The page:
Missouri State knocks off Men's Basketball, 61-53, in first round of MVC Tournament

    Desmar Jackson scored 12 points to lead SIU.

    Desmar Jackson scored 12 points to lead SIU.
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    March 7, 2013

    By Tom Weber

    Final Stats |  Photo Gallery 

    ST. LOUIS, Mo. - The clock struck midnight for the Cinderella Saluki Basketball team in its opening-round game of the Missouri Valley Conference Tournament on Thursday.

    No. 7 seed Missouri State, led by Freshman of the Year Marcus Marshall's 18 points, beat No. 10 seed Southern Illinois, 61-53, ending a late-season rise by an SIU team that won six of its last eight regular-season games.

    The Salukis (14-17) had high hopes of pulling off an upset or two at Arch Madness, but they did not resemble the team that was among the hottest clubs in the league the last four weeks. SIU committed 22 personal fouls, which allowed the Bears (11-21) to pile up a 22-10 advantage at the free throw line. MSU also scored 19 points off of 16 SIU turnovers.

    "We're certainly a better ball club than that, but we didn't show it tonight, and this time of the year, if you don't show it, you get to go home," said SIU head coach Barry Hinson, whose team bounced back from a 1-10 start to its conference season by playing competitive basketball down the home stretch.

    Southern led 13-10 at the nine-minute mark of the first half, but top scorer Desmar Jackson went to the bench with his second foul, and the Bears took advantage with a decisive 22-9 run. SIU committed 10 turnovers in the first half and generally looked out of sync on offense.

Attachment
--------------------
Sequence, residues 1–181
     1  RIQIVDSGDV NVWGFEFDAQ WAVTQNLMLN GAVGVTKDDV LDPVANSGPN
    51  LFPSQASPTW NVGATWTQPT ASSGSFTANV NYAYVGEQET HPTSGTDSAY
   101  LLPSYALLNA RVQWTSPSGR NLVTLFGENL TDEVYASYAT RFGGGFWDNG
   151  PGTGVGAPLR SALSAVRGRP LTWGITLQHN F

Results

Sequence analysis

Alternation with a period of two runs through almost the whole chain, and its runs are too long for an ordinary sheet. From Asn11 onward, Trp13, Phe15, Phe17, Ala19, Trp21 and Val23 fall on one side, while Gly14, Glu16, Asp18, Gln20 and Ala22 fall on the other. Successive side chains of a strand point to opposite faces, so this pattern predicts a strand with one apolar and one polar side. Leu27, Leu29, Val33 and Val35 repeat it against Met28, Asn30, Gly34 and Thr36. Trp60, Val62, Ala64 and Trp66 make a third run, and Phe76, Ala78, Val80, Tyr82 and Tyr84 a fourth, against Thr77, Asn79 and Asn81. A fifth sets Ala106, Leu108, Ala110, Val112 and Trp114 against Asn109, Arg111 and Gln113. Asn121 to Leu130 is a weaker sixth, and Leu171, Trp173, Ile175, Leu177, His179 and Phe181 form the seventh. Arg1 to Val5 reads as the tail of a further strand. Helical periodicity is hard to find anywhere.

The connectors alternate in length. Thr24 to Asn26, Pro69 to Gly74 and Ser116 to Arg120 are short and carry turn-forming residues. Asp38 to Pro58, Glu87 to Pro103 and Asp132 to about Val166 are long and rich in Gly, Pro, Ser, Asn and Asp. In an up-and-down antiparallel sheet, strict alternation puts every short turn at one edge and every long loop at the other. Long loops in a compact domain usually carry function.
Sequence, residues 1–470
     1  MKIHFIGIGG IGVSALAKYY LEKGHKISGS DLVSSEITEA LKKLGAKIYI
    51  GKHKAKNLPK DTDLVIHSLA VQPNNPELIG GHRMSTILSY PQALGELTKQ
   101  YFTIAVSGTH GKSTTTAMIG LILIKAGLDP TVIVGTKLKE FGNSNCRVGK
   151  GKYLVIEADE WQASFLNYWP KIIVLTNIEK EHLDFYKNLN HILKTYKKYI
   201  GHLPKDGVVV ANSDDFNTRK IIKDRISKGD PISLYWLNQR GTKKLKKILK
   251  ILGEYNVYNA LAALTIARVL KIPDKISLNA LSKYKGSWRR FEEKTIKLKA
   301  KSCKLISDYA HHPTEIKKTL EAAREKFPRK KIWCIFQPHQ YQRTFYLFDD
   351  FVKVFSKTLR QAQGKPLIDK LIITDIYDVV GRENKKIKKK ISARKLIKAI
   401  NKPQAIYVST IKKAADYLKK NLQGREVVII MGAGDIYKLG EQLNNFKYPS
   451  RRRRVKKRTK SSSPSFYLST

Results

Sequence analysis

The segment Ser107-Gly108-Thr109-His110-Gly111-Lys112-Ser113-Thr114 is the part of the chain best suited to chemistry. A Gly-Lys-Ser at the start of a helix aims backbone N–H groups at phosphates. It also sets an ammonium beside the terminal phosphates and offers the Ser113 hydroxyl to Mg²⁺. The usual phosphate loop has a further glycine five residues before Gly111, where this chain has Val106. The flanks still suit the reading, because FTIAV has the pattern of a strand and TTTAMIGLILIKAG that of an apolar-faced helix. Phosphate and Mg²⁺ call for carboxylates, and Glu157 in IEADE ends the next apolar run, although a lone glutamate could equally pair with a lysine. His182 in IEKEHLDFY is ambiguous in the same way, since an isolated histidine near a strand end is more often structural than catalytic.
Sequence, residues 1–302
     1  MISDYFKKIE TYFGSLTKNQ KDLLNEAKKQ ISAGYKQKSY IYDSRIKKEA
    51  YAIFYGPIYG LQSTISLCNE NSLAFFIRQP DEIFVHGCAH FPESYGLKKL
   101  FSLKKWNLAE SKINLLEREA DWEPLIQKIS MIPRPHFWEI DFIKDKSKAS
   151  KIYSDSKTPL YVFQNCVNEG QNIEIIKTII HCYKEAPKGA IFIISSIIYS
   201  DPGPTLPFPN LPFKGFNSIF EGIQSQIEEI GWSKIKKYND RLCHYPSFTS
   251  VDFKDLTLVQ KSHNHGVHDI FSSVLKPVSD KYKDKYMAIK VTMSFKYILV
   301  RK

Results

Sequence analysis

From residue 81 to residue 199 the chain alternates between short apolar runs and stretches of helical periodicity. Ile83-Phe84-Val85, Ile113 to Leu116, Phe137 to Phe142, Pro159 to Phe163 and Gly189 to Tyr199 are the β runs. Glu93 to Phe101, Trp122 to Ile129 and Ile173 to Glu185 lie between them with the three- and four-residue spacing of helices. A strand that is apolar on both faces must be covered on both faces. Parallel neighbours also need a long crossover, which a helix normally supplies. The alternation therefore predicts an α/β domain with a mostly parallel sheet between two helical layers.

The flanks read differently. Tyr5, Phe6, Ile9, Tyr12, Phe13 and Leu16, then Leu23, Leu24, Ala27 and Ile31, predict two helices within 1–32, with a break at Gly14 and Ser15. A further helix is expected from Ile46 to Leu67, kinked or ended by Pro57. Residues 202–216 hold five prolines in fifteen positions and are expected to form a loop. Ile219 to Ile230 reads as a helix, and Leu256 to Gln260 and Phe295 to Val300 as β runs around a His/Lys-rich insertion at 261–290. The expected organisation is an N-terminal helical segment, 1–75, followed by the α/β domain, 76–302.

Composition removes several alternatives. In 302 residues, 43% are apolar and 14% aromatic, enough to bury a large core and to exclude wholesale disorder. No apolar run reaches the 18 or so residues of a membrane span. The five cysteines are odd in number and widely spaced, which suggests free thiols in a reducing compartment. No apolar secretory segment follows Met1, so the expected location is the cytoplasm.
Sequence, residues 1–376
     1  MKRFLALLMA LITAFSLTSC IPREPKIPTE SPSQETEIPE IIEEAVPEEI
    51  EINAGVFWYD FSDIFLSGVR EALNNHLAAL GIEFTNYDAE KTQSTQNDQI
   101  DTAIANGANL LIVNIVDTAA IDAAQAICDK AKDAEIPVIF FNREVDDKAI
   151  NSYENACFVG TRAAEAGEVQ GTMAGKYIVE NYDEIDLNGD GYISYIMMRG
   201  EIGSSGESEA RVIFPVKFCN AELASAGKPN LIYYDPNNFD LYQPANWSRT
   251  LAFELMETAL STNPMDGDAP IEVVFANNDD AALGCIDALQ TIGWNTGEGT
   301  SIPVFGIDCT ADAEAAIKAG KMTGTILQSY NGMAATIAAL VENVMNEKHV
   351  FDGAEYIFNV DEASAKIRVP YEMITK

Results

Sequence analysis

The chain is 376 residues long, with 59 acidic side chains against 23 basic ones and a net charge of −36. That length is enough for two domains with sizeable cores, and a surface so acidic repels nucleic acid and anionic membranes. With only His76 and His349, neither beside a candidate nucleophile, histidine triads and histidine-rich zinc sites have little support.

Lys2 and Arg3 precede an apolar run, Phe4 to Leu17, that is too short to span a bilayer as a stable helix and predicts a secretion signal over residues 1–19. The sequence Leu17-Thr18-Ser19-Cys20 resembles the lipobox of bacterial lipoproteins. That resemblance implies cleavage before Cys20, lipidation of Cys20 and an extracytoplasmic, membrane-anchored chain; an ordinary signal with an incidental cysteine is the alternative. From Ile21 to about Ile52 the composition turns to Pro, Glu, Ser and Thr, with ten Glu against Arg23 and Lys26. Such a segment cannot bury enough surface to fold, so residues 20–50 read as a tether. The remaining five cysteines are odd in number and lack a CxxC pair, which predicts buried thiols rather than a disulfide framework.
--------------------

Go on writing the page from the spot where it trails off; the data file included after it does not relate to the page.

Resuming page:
"They started getting into a matchup zone and a 2-3 zone, and we had trouble attacking the middle," said Saluki senior guard T.J. Lindsay. "That caused us to be really stagnant on the perimeter and take outside shots."

    Marshall and teammate Anthony Downing, who scored 16 points, probed and penetrated the Saluki defense for easy buckets or fouls. They combined for 15 of their team's 22 free throw attempts.

    "They got to shoot a lot of free throws because they were on the attack mode and we couldn't keep them in front of us," Hinson lamented. "I thought Marshall and Downing put us on our back heels, defensively. Late in the first half and once we got into some foul situations and rotation, it really bothered us."

    The Salukis came as close as five points in the second half, 39-34, on an Anthony Beane 3-pointer with 12:58 remaining, but Keith Pickens responded with a three-point play that started a back-breaking 8-0 MSU run. The Bears led by double digits the rest of the way until a bucket by Jalen Pendleton with four seconds to go cut the final margin to nine.

    "We had a lot of mental mistakes," said Saluki senior guard Kendal Brown-Surles, who finished with three assists and one turnover, but was held scoreless for just the second time this year. "It's the conference tournament, you get juiced up and do things out of the ordinary."

    Senior forward Jeff Early, who has been the heart and soul of the team during its late-season resurgence, was held to eight points and three rebounds -- well below his season averages.

    "I felt we were a better team than them and had a great chance in this tournament," he said. "I think we were looking too far ahead, maybe looking past Missouri State to Wichita."

    Hinson lavished praise upon his three seniors, saying they helped lay the foundation for future improvement in the program.

    "I think what we did in the month of February was pretty outstanding," he said. "They didn't quit. We stopped a lot of streaks, we got better."

    Brown-Surles, a four-year point guard for the program, echoed those sentiments.

    "The outcome wasn't what we wanted, but I'm proud to say we're not quitters, we're fighters," he said. "We got put in a tough situation, but at the same time, we kept our head up and took it one game at a time."

    As the end of his college career began to sink in, Lindsay was emotional.

    "I had a great career here," he said. I'm glad I picked SIU. I had some life-changing experiences and all I can take from it is positives. I have no regrets and I love being a Saluki."

    Early said the the seniors will take satisfaction in seeing the program improve during the next few years.

    "When I leave and the program starts competing for championships, they can say that Jeff Early, T.J. Lindsay and Kendal are what started this thing," he said.